In memory of
Diet Eman
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In memory of
Diet Eman
Eman, Diet Diet died peacefully in the afternoon on Tuesday, September 3 at Samaritas Living Center. Diet Eman was born April 30, 1920 in The Hague, Netherlands. She lived a happy childhood in a loving family until World War II came to Holland when Diet was twenty. When the injustices against the Jews began in Holland, Diet and her fiancee Hein Sietsma knew they had to help the Jewish people. Hein and Diet banded to form a Resistance group called Help Elkander in Nood or "helping each other in need"; Hein was one of the group leaders. Over the course of the war, Diet risked her life hiding Jews, obtaining identification documents, and delivering messages across war-torn Holland. Diet was captured and sent to Vught concentration camp, from where she was eventually released. Hein, likewise, was captured and imprisoned at Dachau, but he did not leave it alive. After the war, Diet moved to Venezuela, where she worked as a nurse for Shell Oil. Eventually, she moved to the United States, spending the majority of her life in Grand Rapids, Michigan. She worked as a translator and volunteered for the Red Cross and the Luke Society. She became an American citizen in 2007. Over the years, Diet has been recognized for her brave and important work during the war: President Eisenhower personally thanked her for her contributions during wartime efforts; Yad Vashem, Israel's Holocaust museum, named her "Righteous Among the Nations" for saving Jews during the Holocaust; and King Willem-Alexander deemed her a "National Hero" during his visit to Grand Rapids in June 2015. If you would like to know more about Diet's story, you can read her book Things We Couldn't Say or watch the documentary that details more of her Resistance activities called The Reckoning (Remembering the Dutch Resistance). Diet is survived by her two children, Mark Erlich and Joy Coe, as well as her granddaughter, Mary Gray. Additionally, she leaves behind a century's worth of friends across the world, a small army of compassionate caregivers, and a generation of Jewish Holocaust survivors and all those who came after them. Diet led an incredible life not void of challenge. Her testimony served as a reminder to always trust in the Lord no matter where He leads-and to do so with a good sense of humor. Diet left this world surrounded by all that she loved: her family, countless friends, and a whole lot of chocolate. We ask that in lieu of flowers, donations in Diet's honor are made to Degage Ministry 144 Division Ave South, Grand Rapids 49503. www.degageministry.org , click the "donate now" link. We would like to continue to support this organization in her honor. The celebration of life will be held Sunday, September 8 at Seymour Christian Reform Church at 2 PM at 840 Alger St SE, Grand Rapids 49507. All are welcome.
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In memory of
Diet Eman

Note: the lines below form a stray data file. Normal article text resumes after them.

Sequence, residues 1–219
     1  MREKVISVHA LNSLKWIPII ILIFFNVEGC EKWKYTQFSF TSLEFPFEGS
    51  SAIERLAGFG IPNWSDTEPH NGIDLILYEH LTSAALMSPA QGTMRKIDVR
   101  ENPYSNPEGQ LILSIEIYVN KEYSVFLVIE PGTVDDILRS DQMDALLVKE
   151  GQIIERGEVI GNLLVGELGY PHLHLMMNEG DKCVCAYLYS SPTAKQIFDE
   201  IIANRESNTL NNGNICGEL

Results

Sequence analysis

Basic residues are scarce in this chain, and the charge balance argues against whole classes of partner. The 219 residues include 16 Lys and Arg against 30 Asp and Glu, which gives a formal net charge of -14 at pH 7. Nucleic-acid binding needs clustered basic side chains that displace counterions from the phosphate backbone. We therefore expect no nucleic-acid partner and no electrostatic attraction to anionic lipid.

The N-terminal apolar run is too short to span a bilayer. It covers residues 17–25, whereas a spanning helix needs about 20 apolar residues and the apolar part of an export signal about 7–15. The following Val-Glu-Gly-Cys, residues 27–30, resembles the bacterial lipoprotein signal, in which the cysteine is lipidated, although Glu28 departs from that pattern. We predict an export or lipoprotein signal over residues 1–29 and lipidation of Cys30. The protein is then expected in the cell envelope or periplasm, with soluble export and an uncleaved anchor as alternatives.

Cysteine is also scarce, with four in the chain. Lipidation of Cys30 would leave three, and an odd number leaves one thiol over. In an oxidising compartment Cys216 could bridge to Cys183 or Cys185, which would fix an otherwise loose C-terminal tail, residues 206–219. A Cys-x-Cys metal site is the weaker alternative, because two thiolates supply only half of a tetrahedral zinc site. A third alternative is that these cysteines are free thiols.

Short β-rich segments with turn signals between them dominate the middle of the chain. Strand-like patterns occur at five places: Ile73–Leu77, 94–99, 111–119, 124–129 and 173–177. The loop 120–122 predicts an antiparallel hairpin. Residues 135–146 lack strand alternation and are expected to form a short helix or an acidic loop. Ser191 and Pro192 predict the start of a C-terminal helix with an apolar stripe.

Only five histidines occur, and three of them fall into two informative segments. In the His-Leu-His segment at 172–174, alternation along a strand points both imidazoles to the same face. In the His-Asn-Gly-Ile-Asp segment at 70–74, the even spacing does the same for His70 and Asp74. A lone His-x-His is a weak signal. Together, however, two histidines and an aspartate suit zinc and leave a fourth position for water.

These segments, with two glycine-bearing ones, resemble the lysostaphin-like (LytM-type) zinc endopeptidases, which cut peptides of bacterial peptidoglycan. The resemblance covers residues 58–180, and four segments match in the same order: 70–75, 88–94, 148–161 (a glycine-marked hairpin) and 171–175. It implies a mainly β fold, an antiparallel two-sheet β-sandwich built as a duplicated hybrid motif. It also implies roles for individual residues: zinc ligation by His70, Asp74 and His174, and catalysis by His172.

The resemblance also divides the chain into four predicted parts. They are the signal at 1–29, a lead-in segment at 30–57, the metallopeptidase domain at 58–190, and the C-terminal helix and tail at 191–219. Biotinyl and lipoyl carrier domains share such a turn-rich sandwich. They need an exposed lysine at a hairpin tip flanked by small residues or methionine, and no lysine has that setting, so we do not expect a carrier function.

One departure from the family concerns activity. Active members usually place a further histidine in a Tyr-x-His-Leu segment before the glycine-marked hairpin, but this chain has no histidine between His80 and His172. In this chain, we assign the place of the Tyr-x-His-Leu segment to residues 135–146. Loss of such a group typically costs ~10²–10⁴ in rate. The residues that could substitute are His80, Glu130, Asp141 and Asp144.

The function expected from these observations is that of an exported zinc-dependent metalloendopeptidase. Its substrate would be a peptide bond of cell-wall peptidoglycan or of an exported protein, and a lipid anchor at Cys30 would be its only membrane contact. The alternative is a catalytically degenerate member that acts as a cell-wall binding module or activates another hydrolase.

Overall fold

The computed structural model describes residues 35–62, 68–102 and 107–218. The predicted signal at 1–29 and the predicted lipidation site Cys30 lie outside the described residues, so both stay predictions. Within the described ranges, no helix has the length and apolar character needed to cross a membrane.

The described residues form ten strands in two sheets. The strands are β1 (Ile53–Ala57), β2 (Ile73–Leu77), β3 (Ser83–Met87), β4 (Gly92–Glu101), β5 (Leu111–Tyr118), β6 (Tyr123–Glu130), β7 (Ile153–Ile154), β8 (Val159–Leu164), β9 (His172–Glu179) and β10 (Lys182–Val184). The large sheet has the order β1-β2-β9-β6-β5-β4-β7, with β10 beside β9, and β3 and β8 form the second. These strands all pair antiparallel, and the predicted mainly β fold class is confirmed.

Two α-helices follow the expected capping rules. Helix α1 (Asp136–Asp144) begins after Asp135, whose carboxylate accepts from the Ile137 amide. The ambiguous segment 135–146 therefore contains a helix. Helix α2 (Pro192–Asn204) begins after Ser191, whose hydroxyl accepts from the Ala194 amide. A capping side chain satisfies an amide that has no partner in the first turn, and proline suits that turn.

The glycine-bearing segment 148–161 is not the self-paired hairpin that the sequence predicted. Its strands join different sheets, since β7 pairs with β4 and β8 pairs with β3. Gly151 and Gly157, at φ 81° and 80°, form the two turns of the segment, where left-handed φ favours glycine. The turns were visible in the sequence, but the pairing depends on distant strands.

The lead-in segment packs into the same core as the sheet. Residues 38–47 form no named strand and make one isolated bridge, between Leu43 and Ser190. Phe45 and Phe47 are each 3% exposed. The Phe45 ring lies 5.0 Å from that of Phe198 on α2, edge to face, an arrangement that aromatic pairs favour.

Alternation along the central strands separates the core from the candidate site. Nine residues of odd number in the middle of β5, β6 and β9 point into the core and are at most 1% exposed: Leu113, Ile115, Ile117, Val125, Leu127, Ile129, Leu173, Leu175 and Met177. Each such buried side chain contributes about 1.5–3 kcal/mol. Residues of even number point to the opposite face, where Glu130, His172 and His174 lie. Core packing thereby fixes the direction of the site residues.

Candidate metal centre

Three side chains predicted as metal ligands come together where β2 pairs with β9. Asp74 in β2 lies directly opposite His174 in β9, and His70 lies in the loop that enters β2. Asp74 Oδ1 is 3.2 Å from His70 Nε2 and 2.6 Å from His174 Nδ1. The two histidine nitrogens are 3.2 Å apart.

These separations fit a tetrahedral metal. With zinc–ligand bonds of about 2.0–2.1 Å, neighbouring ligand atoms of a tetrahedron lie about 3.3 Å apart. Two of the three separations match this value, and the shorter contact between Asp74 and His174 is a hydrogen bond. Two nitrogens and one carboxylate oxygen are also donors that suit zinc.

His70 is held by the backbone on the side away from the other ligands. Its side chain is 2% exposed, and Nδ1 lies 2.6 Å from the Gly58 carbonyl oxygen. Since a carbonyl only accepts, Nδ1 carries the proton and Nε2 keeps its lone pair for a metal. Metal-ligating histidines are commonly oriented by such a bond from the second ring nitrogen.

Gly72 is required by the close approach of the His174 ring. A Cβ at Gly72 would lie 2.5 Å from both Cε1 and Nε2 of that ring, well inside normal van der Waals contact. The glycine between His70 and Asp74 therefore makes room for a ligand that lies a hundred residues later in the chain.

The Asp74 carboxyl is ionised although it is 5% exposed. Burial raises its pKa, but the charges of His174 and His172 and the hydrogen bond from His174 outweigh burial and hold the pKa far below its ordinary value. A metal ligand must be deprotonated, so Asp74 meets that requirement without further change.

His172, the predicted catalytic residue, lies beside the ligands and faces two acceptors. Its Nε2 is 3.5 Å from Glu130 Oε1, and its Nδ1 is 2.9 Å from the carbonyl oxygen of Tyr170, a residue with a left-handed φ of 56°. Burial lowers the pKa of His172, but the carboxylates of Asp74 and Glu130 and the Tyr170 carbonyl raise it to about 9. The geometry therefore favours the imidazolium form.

Eman, Diet Diet died peacefully in the afternoon on Tuesday, September 3 at Samaritas Living Center. Diet Eman was born April 30, 1920 in The Hague, Netherlands. She lived a happy childhood in a loving family until World War II came to Holland when Diet was twenty. When the injustices against the Jews began in Holland, Diet and her fiancee Hein Sietsma knew they had to help the Jewish people. Hein and Diet banded to form a Resistance group called Help Elkander in Nood or "helping each other in need"; Hein was one of the group leaders. Over the course of the war, Diet risked her life hiding Jews, obtaining identification documents, and delivering messages across war-torn Holland. Diet was captured and sent to Vught concentration camp, from where she was eventually released. Hein, likewise, was captured and imprisoned at Dachau, but he did not leave it alive. After the war, Diet moved to Venezuela, where she worked as a nurse for Shell Oil. Eventually, she moved to the United States, spending the majority of her life in Grand Rapids, Michigan. She worked as a translator and volunteered for the Red Cross and the Luke Society. She became an American citizen in 2007. Over the years, Diet has been recognized for her brave and important work during the war: President Eisenhower personally thanked her for her contributions during wartime efforts; Yad Vashem, Israel's Holocaust museum, named her "Righteous Among the Nations" for saving Jews during the Holocaust; and King Willem-Alexander deemed her a "National Hero" during his visit to Grand Rapids in June 2015. If you would like to know more about Diet's story, you can read her book Things We Couldn't Say or watch the documentary that details more of her Resistance activities called The Reckoning (Remembering the Dutch Resistance). Diet is survived by her two children, Mark Erlich and Joy Coe, as well as her granddaughter, Mary Gray. Additionally, she leaves behind a century's worth of friends across the world, a small army of compassionate caregivers, and a generation of Jewish Holocaust survivors and all those who came after them. Diet led an incredible life not void of challenge. Her testimony served as a reminder to always trust in the Lord no matter where He leads-and to do so with a good sense of humor. Diet left this world surrounded by all that she loved: her family, countless friends, and a whole lot of chocolate. We ask that in lieu of flowers, donations in Diet's honor are made to Degage Ministry 144 Division Ave South, Grand Rapids 49503. www.degageministry.org , click the "donate now" link. We would like to continue to support this organization in her honor. The celebration of life will be held Sunday, September 8 at Seymour Christian Reform Church at 2 PM at 840 Alger St SE, Grand Rapids 49507. All are welcome.
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